Two-pore domain K+ (K2P) channels underlie leak or background potassium conductances in many cells. The Trek subfamily consists of three members: Trek1/Kcnk2, Trek2/Kcnk10, and the more distantly-related family member Traak/Kcnk4. Trek family members exhibit complex regulation and can modulate cell excitability in response to a wide array of stimuli, and have been implicated in depression, nociception, and cognition. Furthermore, a number of studies support a role for the Trek family in neuroprotection during ischemia. Despite their identification more than one decade ago, they are still relatively understudied, which is especially true for Trek2.
To further our understanding of molecular diversity within the Trek family, we identified and characterized the murine alternative splice variants of Trek2. We identified two novel exons, which contribute to the production of six alternative splice variants; three N-terminal two-pore variants and three non-functional C-terminal one-pore variants. Of the N-terminal variants, the previously unreported isoform, Trek2b, displayed significantly greater whole-cell current amplitudes when expressed heterologously, a phenomenon ultimately attributable to greater surface expression.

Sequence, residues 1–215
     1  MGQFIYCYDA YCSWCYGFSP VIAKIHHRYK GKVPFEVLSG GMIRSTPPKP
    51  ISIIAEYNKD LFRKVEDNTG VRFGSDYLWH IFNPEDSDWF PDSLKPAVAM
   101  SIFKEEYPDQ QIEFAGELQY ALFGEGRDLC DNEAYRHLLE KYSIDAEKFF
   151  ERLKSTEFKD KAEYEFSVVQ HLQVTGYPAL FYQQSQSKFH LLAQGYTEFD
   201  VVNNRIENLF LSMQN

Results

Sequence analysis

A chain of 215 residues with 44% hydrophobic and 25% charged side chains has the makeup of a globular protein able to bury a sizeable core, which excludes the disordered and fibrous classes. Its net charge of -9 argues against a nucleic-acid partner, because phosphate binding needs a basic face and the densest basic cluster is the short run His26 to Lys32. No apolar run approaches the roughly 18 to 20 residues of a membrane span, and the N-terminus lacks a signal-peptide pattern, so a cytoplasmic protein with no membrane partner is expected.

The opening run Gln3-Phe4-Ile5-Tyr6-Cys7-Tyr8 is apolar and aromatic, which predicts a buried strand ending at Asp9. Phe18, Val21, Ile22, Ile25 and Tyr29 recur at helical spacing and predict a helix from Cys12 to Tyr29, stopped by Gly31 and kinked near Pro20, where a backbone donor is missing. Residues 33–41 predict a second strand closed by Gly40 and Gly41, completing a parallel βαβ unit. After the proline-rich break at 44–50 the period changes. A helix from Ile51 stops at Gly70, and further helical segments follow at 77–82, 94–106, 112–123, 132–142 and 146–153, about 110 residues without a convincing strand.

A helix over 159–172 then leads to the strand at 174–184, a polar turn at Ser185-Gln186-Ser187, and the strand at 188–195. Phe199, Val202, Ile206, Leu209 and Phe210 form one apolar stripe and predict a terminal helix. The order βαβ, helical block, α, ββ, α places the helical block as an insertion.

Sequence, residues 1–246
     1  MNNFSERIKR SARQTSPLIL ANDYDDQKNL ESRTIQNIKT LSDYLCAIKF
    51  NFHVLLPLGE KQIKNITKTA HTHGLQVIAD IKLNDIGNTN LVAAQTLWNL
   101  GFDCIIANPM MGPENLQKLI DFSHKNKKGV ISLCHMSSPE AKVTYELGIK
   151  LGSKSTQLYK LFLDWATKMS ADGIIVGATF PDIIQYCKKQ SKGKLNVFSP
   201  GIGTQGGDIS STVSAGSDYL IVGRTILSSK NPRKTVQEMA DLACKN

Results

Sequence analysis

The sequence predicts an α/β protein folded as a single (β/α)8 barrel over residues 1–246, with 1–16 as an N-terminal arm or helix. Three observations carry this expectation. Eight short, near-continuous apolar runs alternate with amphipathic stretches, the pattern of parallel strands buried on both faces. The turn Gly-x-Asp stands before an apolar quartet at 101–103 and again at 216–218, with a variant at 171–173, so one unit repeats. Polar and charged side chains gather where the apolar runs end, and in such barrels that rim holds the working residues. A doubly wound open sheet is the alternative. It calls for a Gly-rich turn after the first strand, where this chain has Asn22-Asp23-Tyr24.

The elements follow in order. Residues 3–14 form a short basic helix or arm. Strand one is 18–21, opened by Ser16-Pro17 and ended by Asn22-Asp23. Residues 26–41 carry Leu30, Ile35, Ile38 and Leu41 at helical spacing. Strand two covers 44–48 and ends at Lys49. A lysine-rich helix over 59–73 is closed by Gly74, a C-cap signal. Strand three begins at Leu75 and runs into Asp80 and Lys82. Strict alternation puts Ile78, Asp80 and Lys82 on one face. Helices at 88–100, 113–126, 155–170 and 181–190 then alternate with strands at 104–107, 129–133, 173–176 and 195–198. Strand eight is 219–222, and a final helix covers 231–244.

While characterizing the Trek2 splice variants, we observed significant cell-to-cell variability in current amplitudes in HEK293 cells heterologously expressing Trek channels. We hypothesized this was the result of changes in Trek channel expression during the cell cycle. Indeed, changes in current amplitudes and Trek protein expression correlated with cell cycle stage. Ultimately, we concluded this was likely a non-Trek specific effect of cell cycle progression on the artificial CAG promoter used to drive heterologous Trek expression.
To further our understanding of the physiological contributions of Trek channels to animal behavior, specifically Trek2, we probed the effect of constitutive Trek2 ablation, as well as the simultaneous constitutive ablation of all three Trek family genes, in paradigms that assess motor activity, coordination, anxiety-related behavior, learning and memory, and drug-induced reward-related behavior. Few behavioral differences were observed between Trek2–/–, Trek1/2/Traak–/– and wild-type mice, which argue that despite their broad distribution in the CNS, Trek channels exert a minimal influence on a wide-range of behaviors. Instead, we propose that Trek channel activity may be low under normal conditions, where they become impactful only under certain circumstances, such as during ischemia.
University of Minnesota Ph.D. dissertation. October 2012. Major: Pharmacology. Advisor:Kevin D. Wickman. 1 computer file (PDF); xi, 180 pages.
Mirkovic, Kelsey R..
Molecular diversity and physiological contributions of neuronal trek channels.
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